Browsing Mental Health by Subjects
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Mental Health Status of Vulnerable Tsunami-Affected Communities: A Survey in Aceh Province, Indonesia.The authors determined the prevalence of severe emotional distress and depressive symptoms using the Hopkins Symptoms Checklist-25 (HSCL; Derogatis, Lipman, Rickels, Uhlenhuth, & Covi, 1974) in tsunami-affected communities that had experienced armed conflict arising from the ongoing independence movement in Aceh Province, Indonesia. We also evaluated determinants of severe emotional distress. The data were collected for the purposes of a mental health assessment. In our sample (N = 262), 83.6% demonstrated severe emotional distress, and 77.1% demonstrated depressive symptoms. In multivariate regression models, severe emotional distress was positively associated with the number of tsunami-related deaths among household members. Our data suggests a need for effective interventions in this vulnerable population.
Physical and Sexual Violence, Mental Health indicators, and treatment seeking among street-based population groups in Tegucigalpa, HondurasTo establish the prevalence of exposure to physical and sexual violence, mental health symptoms, and medical treatment-seeking behavior among three street-based subpopulation groups in Tegucigalpa, Honduras, and to assess the association between sociodemographic group, mental health indicators, and exposure to violence.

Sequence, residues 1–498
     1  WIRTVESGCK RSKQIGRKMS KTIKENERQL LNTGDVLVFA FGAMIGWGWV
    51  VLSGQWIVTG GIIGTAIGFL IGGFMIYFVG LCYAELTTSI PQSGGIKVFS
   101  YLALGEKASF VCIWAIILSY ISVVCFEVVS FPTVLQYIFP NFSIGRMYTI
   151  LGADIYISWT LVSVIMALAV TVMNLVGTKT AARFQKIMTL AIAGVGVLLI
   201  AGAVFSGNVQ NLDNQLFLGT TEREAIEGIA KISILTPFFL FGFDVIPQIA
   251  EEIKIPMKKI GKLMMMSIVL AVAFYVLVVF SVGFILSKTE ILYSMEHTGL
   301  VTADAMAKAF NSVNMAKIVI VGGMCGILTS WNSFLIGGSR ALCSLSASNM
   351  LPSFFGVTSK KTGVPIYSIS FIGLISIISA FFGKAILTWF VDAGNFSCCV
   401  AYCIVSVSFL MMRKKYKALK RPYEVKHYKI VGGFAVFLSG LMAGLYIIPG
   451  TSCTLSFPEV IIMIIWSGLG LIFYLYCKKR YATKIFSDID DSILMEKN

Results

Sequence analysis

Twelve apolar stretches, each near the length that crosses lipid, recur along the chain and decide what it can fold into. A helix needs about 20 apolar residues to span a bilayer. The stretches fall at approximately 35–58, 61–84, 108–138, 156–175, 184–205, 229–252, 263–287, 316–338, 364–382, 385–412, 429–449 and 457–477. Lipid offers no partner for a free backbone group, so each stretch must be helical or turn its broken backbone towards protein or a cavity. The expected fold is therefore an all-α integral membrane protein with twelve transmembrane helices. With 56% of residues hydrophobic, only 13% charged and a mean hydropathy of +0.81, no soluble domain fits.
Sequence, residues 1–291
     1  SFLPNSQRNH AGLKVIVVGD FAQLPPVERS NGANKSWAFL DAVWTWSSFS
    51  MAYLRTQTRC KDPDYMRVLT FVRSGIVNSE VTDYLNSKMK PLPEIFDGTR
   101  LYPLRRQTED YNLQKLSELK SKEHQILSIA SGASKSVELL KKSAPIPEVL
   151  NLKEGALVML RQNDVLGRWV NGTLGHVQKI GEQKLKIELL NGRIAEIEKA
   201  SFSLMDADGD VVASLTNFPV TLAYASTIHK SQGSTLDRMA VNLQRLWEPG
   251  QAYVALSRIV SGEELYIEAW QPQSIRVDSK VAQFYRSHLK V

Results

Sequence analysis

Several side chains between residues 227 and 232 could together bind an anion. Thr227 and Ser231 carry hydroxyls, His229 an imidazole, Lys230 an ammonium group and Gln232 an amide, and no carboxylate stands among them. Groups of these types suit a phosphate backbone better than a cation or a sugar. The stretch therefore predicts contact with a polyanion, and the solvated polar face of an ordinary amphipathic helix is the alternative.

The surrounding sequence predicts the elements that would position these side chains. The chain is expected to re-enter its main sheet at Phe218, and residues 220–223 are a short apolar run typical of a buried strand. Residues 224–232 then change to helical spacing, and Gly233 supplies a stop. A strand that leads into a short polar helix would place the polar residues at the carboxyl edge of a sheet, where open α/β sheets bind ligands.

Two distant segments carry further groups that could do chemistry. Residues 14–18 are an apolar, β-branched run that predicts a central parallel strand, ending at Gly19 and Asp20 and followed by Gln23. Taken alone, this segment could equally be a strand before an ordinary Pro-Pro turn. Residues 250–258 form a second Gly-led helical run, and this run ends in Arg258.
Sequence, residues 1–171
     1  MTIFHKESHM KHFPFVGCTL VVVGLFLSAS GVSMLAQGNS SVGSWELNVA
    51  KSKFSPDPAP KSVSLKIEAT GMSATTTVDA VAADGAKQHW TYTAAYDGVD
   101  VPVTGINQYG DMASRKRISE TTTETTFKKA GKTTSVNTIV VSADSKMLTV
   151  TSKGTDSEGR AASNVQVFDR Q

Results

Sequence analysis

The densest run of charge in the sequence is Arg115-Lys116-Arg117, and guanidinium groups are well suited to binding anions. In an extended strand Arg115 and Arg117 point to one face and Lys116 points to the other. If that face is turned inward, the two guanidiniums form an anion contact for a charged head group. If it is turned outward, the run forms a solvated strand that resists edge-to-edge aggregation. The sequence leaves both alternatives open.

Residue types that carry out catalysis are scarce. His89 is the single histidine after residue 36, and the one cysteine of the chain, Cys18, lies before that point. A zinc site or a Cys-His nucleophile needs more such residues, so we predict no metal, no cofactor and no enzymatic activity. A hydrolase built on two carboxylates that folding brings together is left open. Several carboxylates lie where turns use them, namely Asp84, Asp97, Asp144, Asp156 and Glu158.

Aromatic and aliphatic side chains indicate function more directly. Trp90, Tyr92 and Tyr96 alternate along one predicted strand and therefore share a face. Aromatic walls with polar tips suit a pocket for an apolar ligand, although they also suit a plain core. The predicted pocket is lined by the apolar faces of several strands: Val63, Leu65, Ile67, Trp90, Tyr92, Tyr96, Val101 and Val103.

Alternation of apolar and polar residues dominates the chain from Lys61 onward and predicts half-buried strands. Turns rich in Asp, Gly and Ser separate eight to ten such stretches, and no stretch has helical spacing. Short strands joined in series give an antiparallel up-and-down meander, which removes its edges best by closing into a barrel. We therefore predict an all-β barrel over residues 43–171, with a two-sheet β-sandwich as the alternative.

Psychological trauma and evidence for enhanced vulnerability for posttraumatic stress disorder through previous trauma among West Nile refugees.BACKGROUND: Political instability and the civil war in Southern Sudan have resulted in numerous atrocities, mass violence, and forced migration for vast parts of the civilian population in the West Nile region. High exposure to traumatic experiences has been particularly prominent in the Ugandan and Sudanese of the West Nile Region, representing an indication of the psychological strain posed by years of armed conflict. METHODS: In this study the impact of traumatic events on the prevalence and severity of posttraumatic stress disorder (PTSD) in a random sample of 3.339 Ugandan nationals, Sudanese nationals, and Sudanese refugees (1.831 households) of the West Nile region is assessed. RESULTS: Results show a positive correlation between the number of traumatic events and the number of endorsed PTSD symptoms. Of the 58 respondents who experienced the greatest number of traumatizing experiences, all reported symptoms which met the DSM-IV criteria for PTSD. CONCLUSIONS: There is a clear dose-effect relationship between traumatic exposure and PTSD in the studied populations with high levels of traumatic events. In this context, it is probable that any individual could develop PTSD regardless of other risk-factors once the trauma load reaches a certain threshold.